Anti-malware software MalwareBytes has proven somewhat of a hit with pirates lately following a rather generous offer.
Rather than punishing people who use unlicensed versions of their software, MalwareBytes’ creators ran an amnesty program through which people could receive a premium product for zero cost.
It’s likely that many of those now using a free key will have accessed their previously unlicensed version from a torrent site. However, a feature present in the premium edition means that at least two of the world’s most popular venues are now completely off-limits to users of the software.
As can be seen from the screenshots below, visitors to Isohunt.to and LimeTorrents.cc – two of the world’s largest torrent sites – are currently rendered inaccessible by MalwareBytes’ “Malicious Website Protection” module.
Puzzled at why the software should take this approach but noting the similarity between the IP addresses used by both sites, TorrentFreak approached MalwareBytes for comment.
“We’re blocking the IPs (amongst others) because there’s a plethora of IPs on the [same network] housing a ton of malvertising and fraud sites,” Malware Intelligence Analyst Steven Burn told TF.
“The ASN involved is thus far unresponsive and has been since March,” he added.
So, while neither Isohunt.to nor LimeTorrents are considered harmful by MalwareBytes, the company has chosen to block their IP addresses due to their proximity to others that are allegedly behaving maliciously.
These two sites are not the only ones affected either. Torrentdownloads.cc, Megafilmeshd.net, ebooks-gratuit.com plus a range of other sites hosted in Ukraine are all blocked by MalwareBytes’ Web Protection module.
While it’s easy to regain access to any blocked site by selecting the appropriate button in the corresponding MalwareBytes popup box, many users are likely to consider blocked sites as dangerous, despite them essentially being victims of someone else’s wrong doing.
Speaking with TF, Isohunt.to told TF that the blocked host in question actually provides a good service.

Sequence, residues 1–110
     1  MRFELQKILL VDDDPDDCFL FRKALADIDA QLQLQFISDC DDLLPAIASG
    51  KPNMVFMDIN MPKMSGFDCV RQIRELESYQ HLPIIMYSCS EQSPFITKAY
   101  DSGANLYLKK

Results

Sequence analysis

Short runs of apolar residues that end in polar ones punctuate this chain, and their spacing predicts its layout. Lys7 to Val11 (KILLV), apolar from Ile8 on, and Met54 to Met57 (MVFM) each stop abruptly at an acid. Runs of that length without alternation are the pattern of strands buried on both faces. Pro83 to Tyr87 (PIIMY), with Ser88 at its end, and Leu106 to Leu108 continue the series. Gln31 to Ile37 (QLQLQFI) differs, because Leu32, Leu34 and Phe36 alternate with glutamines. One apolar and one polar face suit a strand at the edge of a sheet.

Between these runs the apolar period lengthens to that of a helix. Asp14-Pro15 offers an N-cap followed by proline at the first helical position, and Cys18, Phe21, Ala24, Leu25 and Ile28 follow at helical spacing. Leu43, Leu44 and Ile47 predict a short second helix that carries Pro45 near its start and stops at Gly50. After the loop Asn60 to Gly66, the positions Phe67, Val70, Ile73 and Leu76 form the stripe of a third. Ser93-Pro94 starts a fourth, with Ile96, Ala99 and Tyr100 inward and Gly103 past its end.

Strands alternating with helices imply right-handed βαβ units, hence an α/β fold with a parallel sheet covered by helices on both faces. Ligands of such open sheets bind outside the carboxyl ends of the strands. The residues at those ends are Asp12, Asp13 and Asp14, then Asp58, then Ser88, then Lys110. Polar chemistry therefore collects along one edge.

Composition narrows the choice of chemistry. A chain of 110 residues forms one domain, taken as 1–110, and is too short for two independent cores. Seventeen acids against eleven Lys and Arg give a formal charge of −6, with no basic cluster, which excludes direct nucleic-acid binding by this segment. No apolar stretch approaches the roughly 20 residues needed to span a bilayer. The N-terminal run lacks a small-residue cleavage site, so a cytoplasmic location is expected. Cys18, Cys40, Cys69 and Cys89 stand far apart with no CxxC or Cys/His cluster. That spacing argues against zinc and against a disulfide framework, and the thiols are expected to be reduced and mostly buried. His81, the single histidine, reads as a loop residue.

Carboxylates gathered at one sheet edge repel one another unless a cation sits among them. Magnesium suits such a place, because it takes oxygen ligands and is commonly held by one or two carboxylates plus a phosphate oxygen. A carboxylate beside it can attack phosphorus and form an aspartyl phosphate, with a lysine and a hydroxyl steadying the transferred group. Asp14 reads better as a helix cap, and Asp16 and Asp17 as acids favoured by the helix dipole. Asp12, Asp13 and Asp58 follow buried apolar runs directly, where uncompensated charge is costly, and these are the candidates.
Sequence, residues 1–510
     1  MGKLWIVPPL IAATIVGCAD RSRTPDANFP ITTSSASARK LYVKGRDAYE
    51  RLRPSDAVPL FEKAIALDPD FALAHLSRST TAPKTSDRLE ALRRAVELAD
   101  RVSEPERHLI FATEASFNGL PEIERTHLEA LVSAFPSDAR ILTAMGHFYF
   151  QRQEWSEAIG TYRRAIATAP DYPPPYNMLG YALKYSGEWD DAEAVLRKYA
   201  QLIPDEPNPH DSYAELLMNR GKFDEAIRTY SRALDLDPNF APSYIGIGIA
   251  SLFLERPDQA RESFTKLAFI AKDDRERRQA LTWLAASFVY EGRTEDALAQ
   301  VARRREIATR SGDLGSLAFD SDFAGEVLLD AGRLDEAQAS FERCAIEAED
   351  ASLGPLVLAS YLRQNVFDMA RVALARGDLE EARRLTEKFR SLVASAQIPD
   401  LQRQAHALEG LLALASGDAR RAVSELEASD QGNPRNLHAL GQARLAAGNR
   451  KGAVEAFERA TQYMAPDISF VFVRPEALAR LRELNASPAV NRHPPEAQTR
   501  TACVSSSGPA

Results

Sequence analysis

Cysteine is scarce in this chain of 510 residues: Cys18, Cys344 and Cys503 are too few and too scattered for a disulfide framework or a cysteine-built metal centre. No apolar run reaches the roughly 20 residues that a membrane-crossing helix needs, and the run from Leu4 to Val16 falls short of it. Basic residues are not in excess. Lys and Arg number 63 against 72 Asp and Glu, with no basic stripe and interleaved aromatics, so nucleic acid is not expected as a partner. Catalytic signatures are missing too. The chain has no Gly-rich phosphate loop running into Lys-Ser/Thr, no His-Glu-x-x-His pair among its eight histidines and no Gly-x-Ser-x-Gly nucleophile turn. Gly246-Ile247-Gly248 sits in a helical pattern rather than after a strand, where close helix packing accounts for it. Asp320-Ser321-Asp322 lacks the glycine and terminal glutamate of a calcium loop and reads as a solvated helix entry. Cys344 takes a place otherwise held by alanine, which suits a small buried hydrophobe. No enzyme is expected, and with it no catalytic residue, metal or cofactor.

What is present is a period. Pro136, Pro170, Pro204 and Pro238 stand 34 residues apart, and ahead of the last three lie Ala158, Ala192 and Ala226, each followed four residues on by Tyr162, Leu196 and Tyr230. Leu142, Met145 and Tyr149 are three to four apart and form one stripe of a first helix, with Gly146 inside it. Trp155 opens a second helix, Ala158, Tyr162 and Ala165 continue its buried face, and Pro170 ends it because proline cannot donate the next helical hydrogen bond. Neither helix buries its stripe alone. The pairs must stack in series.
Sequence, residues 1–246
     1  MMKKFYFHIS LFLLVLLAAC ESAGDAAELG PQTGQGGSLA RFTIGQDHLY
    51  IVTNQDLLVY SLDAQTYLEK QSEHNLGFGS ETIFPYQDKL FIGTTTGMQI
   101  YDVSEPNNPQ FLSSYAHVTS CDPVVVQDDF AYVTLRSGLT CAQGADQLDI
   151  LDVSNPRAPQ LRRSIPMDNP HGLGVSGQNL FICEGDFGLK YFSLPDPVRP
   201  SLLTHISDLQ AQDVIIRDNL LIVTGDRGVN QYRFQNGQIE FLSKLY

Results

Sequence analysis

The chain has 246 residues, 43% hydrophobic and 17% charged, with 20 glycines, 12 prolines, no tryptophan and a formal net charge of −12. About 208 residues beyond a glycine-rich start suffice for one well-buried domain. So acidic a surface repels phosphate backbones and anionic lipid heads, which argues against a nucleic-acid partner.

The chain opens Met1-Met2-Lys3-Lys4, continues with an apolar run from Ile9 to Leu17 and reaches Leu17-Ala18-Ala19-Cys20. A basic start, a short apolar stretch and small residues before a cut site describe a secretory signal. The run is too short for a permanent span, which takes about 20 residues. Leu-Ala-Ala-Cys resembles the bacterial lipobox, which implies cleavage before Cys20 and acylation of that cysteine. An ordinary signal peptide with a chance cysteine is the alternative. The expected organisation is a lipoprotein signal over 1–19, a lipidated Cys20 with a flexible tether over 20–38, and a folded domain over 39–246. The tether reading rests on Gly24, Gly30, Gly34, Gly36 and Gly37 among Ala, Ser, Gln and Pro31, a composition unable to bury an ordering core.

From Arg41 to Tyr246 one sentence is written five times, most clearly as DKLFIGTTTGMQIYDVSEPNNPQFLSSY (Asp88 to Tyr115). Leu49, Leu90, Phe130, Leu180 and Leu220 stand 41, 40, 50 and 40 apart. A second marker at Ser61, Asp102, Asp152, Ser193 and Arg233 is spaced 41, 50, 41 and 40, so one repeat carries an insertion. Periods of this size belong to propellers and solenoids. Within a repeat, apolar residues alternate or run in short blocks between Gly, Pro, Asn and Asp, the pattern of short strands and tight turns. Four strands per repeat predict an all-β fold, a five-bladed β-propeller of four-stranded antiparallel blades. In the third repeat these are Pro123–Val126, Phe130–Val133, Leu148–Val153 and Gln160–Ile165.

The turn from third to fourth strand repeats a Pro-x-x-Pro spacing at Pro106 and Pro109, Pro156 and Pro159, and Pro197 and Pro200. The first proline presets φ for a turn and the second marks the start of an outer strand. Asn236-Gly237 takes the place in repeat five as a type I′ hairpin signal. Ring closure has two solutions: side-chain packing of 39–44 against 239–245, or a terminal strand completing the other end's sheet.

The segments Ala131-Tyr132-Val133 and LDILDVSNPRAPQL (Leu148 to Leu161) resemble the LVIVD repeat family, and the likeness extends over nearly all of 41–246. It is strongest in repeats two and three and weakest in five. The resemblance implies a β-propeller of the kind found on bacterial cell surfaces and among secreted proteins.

“These guys webcare360.com provide great hosting that is bulletproofed against different kind of abuses. So a lot of websites around the world use their service,” the site explains.
“Looks like MalwareBytes simply blocked all IP addresses that belong to this hosting provider.”
Another issue that raised its head during our tests is the seemingly random IP addresses MalwareBytes blocks while connecting to certain torrent swarms. On numerous occasions the software flags IP addresses as malicious and denies connections to them. Intrigued, we asked MalwareBytes for an explanation.
“Our main goal is to protect our users from malicious hosts that could either be servers participating in drive-by downloads or even home computers spewing spam,” Jérôme Segura, Senior security researcher at MalwareBytes, told TF.
“So the block of only certain IPs within that pool is simply that. We are blocking the ones that we have identified for malicious activity, which also happen to be torrenting.”
The blocking of these IP addresses raises an interesting dilemma. Due to their connections to suspicious activity elsewhere, MalwareBytes considers them malicious and excludes them. However, it’s worth noting that despite their potential bad deeds elsewhere, peers in a torrent swarm go through a kind of vetting process based on the hash content of the material they’re carrying.
Put simply, while they possibly cause mischief elsewhere, these peers can’t do any real harm to the swarm. Blocking them won’t cause any really serious problems either (unless they’re the only seeder) but since they don’t need to be blocked we asked MalwareBytes about their policy.
“You bring up a very valid comment and something that many people might wonder about. I will pass this information along to see how we can manage this in a better way,” Jérôme Segura notes.
In conclusion, both scenarios (site and peer blocking) are caused by the blocking of IP addresses either directly or loosely connected to malicious activity elsewhere. MalwareBytes users will have to use their discretion when deciding whether to block or allow those connections in future.